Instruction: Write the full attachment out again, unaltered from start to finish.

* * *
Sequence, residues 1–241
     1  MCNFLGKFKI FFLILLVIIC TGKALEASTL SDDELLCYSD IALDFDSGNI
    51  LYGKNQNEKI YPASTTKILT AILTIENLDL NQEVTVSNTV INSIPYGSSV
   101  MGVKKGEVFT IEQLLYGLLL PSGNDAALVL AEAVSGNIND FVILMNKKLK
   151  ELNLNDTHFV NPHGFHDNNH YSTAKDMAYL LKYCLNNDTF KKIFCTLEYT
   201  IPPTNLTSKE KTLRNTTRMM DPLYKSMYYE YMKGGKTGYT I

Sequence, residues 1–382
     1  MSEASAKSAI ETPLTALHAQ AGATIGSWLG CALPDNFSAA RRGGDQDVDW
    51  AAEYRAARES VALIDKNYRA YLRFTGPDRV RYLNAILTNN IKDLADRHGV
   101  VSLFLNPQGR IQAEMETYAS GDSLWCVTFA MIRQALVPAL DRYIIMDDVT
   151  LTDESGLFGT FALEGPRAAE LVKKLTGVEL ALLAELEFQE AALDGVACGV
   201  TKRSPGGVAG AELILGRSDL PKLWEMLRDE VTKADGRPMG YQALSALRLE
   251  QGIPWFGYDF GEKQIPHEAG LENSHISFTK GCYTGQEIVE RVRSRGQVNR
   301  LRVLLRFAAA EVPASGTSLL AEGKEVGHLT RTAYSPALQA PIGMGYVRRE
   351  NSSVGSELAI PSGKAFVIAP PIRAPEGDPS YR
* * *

Sequence, residues 1–241
     1  MCNFLGKFKI FFLILLVIIC TGKALEASTL SDDELLCYSD IALDFDSGNI
    51  LYGKNQNEKI YPASTTKILT AILTIENLDL NQEVTVSNTV INSIPYGSSV
   101  MGVKKGEVFT IEQLLYGLLL PSGNDAALVL AEAVSGNIND FVILMNKKLK
   151  ELNLNDTHFV NPHGFHDNNH YSTAKDMAYL LKYCLNNDTF KKIFCTLEYT
   201  IPPTNLTSKE KTLRNTTRMM DPLYKSMYYE YMKGGKTGYT I

Sequence, residues 1–382
     1  MSEASAKSAI ETPLTALHAQ AGATIGSWLG CALPDNFSAA RRGGDQDVDW
    51  AAEYRAARES VALIDKNYRA YLRFTGPDRV RYLNAILTNN IKDLADRHGV
   101  VSLFLNPQGR IQAEMETYAS GDSLWCVTFA MIRQALVPAL DRYIIMDDVT
   151  LTDESGLFGT FALEGPRAAE LVKKLTGVEL ALLAELEFQE AALDGVACGV
   201  TKRSPGGVAG AELILGRSDL PKLWEMLRDE VTKADGRPMG YQALSALRLE
   251  QGIPWFGYDF GEKQIPHEAG LENSHISFTK GCYTGQEIVE RVRSRGQVNR
   301  LRVLLRFAAA EVPASGTSLL AEGKEVGHLT RTAYSPALQA PIGMGYVRRE
   351  NSSVGSELAI PSGKAFVIAP PIRAPEGDPS YR